Cookie Customs

The moment Christmas is underway, our eyes seem to avert to everything shiny and new. Our stomachs, meanwhile, are just longing for all things familiar and sugary sweet.

Recipes by Jenn Smurr
Photography by John Kazakalis
Styling by Lisa Malott

The holidays are our green light to pull out all the stops. Go big, or go home. Make it Deluxe.

It’s that time of year to overstimulate the senses with the latest LED sparkly lights for the house, the showstopping rib-eye roast for Christmas dinner, or that opulent $50 Chocolate Panettone you’re just hoping someone will send. Though when it comes to satisfying that cookie craving that naturally comes with Christmastime, going home might be the only place that ever really gets it right.

This Christmas (and, let’s be honest, most every day of the year), our mouths are watering mostly for fresh, home-baked goods. Those oaty, nutty, rustic cookies. . . the ones with a simplicity of flavors that hits the taste buds with a kind of complexity that’s laced with memories and slight sugar rushes. There is a sort of magic when the kitchen is flooded with the aroma of nostalgic, sweet, buttery dough. (Well, naturally, if Mom or Grandma are making them.)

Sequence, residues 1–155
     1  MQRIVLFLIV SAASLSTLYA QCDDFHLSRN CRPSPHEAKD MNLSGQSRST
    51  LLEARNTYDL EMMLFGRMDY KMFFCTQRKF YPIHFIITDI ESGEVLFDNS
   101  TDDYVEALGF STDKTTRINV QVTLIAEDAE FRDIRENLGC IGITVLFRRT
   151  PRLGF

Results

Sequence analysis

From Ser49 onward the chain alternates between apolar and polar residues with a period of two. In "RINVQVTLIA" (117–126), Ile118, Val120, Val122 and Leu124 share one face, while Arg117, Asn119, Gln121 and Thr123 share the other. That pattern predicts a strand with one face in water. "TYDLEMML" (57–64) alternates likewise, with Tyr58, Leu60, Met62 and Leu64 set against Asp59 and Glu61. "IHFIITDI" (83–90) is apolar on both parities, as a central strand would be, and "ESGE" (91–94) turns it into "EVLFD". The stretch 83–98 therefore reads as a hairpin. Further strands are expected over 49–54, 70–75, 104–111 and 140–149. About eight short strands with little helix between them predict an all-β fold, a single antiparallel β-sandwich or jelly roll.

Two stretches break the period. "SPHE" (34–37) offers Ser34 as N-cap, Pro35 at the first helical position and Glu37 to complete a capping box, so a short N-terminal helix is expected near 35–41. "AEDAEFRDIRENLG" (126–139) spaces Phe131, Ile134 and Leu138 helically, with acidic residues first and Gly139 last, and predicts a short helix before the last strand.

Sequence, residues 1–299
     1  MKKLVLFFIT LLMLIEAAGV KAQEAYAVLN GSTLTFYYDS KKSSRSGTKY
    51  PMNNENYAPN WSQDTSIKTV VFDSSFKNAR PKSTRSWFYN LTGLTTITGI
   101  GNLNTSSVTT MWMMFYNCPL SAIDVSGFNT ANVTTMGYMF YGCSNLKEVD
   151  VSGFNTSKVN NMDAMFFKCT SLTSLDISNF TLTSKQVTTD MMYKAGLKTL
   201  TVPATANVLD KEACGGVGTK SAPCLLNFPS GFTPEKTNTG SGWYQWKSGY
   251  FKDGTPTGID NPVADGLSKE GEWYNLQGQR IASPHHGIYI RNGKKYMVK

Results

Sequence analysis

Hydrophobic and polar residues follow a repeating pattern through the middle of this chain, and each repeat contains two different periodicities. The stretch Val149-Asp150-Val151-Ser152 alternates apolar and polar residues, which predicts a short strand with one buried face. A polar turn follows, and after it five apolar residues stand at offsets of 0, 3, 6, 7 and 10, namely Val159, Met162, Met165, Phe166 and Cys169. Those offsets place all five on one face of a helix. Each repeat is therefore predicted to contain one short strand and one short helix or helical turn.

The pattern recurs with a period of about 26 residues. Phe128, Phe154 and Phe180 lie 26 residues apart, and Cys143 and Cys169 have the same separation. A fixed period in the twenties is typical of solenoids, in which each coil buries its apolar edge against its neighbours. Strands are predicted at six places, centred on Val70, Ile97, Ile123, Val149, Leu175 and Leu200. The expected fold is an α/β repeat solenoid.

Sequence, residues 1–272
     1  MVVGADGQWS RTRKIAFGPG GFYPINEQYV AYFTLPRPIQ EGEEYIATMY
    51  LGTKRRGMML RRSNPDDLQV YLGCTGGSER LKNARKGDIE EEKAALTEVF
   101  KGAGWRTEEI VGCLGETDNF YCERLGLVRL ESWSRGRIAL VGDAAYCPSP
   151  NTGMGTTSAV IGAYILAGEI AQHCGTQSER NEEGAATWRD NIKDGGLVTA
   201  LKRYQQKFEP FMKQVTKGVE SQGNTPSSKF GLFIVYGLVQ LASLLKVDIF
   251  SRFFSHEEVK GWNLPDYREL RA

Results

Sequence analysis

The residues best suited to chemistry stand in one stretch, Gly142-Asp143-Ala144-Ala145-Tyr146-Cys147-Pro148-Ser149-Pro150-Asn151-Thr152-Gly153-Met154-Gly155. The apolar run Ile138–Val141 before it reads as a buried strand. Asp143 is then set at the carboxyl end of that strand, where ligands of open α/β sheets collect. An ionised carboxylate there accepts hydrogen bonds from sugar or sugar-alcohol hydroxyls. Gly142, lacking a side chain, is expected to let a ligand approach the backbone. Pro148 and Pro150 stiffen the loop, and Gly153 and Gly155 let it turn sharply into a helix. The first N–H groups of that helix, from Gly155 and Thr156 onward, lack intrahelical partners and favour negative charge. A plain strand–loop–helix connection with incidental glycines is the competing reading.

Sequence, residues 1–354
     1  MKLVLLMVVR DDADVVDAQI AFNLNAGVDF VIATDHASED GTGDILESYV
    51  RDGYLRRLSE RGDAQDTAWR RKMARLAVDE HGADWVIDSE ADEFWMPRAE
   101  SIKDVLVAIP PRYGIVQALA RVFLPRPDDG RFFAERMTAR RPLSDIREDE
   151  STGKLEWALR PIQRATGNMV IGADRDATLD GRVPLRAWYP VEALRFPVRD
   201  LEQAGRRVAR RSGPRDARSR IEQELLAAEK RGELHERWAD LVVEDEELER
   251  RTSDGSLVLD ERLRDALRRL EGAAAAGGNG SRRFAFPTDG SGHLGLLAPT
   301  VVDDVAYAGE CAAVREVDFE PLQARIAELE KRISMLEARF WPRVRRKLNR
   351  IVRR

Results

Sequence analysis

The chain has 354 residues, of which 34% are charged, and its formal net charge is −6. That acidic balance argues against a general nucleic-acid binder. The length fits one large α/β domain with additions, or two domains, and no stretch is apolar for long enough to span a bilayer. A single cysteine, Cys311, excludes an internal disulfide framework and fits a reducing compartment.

One could argue it’s these simple familiar tastes, as opposed to the extravagant desserts of the season, that make for the desired momentary getaways from December’s hustle and bustle. While the most offbeat and elaborate of cookies may be on the rise, decorated in detail and washed in bright hues, few things can satisfy like a fresh homemade batch of cookies straight from the oven. Sometime it’s only those classic recipes that we grew up with that hold the savory sentiments of both holiday and home in one bite.

Of course, there never seems to be enough days in the month for baking cookies, let alone eating them (accompanied by Christmas-movie marathons, of course). Where there are empty cookie jars, there are eager taste buds, anticipating the plethora of sweets to be devoured over these next few weeks.

Rather than all the cutters and bedazzled frostings, the reason Grandma always gravitated to simple cookie drops and icebox-rigid dough slices may have been because they didn’t over-complicate the process or over-stimulate the taste buds. Rather, her perfected recipes seem to know just what we want, even when we don’t.

So, this year we bring you a few of our favorite recipes, some straight from Grandma’s recipe collection. Because, regardless of how many hours someone slaves over a roast, nothing else tastes quite like Christmas than those classic cookies.

 

LAKELANDER COOKIE

AKA “NOT YOUR AVERAGE PEANUT BUTTER SANDWICH COOKIE”
(Since we like to think Lakeland isn’t quite “average” itself…)

peanut butter filling:
1 1/2 cups creamy peanut butter (Jenn enjoys Reese’s peanut butter)
6 Tbsp (3/4 stick) unsalted butter, softened
2 Tbsp powdered sugar
2 Tbsp honey
1 tsp kosher salt